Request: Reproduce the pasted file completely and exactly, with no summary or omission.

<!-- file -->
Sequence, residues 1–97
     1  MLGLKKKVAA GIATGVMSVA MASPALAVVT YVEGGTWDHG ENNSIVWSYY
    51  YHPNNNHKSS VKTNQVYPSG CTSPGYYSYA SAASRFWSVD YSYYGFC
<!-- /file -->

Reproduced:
Sequence, residues 1–97
     1  MLGLKKKVAA GIATGVMSVA MASPALAVVT YVEGGTWDHG ENNSIVWSYY
    51  YHPNNNHKSS VKTNQVYPSG CTSPGYYSYA SAASRFWSVD YSYYGFC